Diamond Buying Guide
What makes a diamond special?
You do of course! A diamond ring takes on the meaning that you give it. It's a statement that you have committed your life to someone. How you convey that is as personal and unique as you are. Diamonds are an enduring way to express your love for those milestones in your life together.
Never before have we had so many diamond options as we do today. Modern mining and cutting, lab created diamonds and color treatments make it more exciting than ever to be able to tailor your choice to fit your unique style.
Having a lot of options can be confusing, so we are committed to helping you to make an educated choice by sharing the GIA standards that gemologists and jewelers use to grade diamonds all around the world.
GIA is short for the Gemological Institute of America. It is the undisputed authority in gemology and the original author of the grading system that is most widely used today to grade the color, clarity, cut and carat weight of diamonds. These are some of the main characteristics that make up your diamond's beauty and value.
Every diamond is as unique as a snowflake, so creating a grading system has its challenges. Each grade letter or number represents a range rather than a specific quantifier, so not every G color will be identical, but rather there is a range of color from the one grade to the next. To complicate matters further, diamonds are often graded by people rather than machines and each grader may see the color or clarity as slightly different than another grader. This is why it's SO important to see the diamond in person and to understand that the grade is meant as a guideline. What is most important is that a diamond is beautiful to You!
A diamond's shape is the overall shape the outer edge makes.
The most popular shape is the round brilliant cut. The
round is a classic and, when all other features are equal, a round
will sparkle more because light is reflected evenly in every direction. Shape is different from the cut which refers to the
angles and proportions of the facets.
Fancy shapes like the oval, marquise, and pear cuts lengthen
the finger and tend to have a little more surface area and bigger look per carat. If you're looking for elegance and uniqueness,
these are great options.
Square shapes are attractive as well and, next to the round brilliant, reflect light more evenly than longer cuts. Princess, radiant and cushion shapes are great for symmetrical designs and the person with a modern "edgy" style.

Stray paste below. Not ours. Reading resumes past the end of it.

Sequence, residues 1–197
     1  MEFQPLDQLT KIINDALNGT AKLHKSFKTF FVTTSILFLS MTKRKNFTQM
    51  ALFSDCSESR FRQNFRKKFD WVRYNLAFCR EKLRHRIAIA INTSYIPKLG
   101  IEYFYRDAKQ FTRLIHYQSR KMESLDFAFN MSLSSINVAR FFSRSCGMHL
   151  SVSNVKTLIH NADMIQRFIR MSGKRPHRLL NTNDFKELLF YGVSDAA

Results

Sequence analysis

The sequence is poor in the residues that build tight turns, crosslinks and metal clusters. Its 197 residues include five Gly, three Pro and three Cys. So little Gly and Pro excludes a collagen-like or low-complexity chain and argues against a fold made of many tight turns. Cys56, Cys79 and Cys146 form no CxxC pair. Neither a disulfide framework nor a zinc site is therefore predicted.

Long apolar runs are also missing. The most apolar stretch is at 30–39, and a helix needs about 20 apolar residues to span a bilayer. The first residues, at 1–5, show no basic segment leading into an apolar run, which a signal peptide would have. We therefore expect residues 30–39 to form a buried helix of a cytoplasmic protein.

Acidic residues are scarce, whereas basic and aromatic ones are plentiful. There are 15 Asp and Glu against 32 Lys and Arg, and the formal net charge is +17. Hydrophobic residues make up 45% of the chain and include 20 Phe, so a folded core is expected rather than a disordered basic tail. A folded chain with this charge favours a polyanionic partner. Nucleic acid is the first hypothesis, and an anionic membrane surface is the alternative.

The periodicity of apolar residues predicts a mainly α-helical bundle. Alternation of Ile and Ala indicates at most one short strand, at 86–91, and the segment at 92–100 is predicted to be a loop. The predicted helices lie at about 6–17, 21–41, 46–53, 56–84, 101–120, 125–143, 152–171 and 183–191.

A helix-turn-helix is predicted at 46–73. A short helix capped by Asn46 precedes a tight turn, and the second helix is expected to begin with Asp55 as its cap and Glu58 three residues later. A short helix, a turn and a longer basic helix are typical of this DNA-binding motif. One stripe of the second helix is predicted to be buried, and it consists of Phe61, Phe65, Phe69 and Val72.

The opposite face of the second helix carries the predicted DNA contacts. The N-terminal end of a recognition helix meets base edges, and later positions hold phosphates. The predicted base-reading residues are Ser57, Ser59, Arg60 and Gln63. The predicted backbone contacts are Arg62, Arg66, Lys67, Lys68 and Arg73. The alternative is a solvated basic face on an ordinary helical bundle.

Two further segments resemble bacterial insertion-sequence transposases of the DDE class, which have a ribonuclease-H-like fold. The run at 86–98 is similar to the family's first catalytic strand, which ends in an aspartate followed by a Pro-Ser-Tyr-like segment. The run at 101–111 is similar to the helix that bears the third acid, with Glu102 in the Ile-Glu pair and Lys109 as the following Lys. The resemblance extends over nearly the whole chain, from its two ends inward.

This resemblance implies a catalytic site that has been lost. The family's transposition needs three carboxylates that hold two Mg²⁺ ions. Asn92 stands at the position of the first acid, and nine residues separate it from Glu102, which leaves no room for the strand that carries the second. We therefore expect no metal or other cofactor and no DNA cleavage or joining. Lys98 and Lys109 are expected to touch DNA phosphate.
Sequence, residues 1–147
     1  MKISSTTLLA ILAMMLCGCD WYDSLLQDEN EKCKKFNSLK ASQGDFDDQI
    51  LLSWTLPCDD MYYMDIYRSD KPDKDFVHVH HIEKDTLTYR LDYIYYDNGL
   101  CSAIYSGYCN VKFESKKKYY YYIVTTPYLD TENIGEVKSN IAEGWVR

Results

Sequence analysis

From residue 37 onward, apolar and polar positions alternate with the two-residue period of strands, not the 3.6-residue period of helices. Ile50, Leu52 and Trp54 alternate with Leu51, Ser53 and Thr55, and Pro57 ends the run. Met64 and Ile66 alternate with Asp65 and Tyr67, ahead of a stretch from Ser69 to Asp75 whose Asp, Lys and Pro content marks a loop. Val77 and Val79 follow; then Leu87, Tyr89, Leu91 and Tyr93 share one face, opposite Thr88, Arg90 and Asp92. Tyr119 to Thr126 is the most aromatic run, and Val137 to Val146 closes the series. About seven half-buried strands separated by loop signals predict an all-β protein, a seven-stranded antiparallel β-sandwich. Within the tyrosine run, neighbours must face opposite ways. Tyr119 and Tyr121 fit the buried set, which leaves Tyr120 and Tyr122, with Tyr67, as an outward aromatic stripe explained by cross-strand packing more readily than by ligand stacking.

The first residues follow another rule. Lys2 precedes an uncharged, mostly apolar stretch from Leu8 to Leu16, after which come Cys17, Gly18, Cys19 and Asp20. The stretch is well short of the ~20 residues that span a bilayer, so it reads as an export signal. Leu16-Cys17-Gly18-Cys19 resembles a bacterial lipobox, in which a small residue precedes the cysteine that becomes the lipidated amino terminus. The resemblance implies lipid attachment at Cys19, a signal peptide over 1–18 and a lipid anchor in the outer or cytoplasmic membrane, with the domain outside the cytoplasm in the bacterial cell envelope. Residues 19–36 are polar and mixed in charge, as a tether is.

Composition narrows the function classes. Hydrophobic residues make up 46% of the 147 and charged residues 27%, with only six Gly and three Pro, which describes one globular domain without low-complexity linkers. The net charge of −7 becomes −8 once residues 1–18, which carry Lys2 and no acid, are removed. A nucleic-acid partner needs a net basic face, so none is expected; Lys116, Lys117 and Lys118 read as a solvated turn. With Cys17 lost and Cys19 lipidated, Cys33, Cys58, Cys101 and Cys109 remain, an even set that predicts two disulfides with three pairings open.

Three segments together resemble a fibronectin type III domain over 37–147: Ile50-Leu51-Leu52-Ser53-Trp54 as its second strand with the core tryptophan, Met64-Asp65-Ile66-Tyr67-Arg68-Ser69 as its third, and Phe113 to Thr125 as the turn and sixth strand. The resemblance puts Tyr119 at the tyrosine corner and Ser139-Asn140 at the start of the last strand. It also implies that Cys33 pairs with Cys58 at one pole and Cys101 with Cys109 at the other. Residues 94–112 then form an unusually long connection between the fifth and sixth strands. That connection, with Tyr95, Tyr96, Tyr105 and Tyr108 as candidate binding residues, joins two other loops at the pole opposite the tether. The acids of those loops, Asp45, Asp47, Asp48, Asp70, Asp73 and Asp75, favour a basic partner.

Ascher, emerald and baguette cuts are an entirely different type of cut in that they are not classified as a "brilliant cut" like the others but rather are called "step cuts". This is because the facets (or flat areas) are arranged in a parallel fashion. This causes the light to be reflected in wide bands of white light and color flashes similar to a prism. Because there are fewer facets these cuts demand a higher clarity because inclusions (tiny crystals and minerals trapped inside the diamond) are more visible in this style of cut. This style of cut is attractive to those with a keen eye for symmetry and quality.
The choice of shape is a personal one...all diamonds are beautiful, but each person is going to have their own
personal favorite. Just like falling in love, you'll know it when
you experience it!
Ideal proportions for a round brilliant cut.
Cut is incredibly important to the beauty and value of your diamond. It refers to the way the flat areas, or facets are applied to the rough diamond. A diamond's cut determines how light is reflected when it enters your diamond. If the diamond proportions and angles are done well, your diamond will sparkle more and reflect not only white light (brilliance), but it will also show a rainbow of colors (dispersion).
A poorly cut diamond will still have some sparkle because light will still reflect off of its surfaces, but it will also have a lot of light "leakage" through its bottom facets. When you see a well cut diamond next to a poorly cut diamond the difference is undeniable (see chart examples below). This is why it is SO important to see your diamond in person before purchasing!
There is a lot of inconsistent and confusing jargon out there when it comes to cut, however, physics never lies. Light will always do what light does. One way to know for sure if your diamond is well cut is to check the proportions and measurements on the diamond's grading report against GIA standards. For example, a one carat round diamond that is cut to ideal proportions should be 6.5 mm in width. If it is narrower, it is cut too deep (and will look smaller than it should). If it is wider, it is cut too shallow and there will be light loss.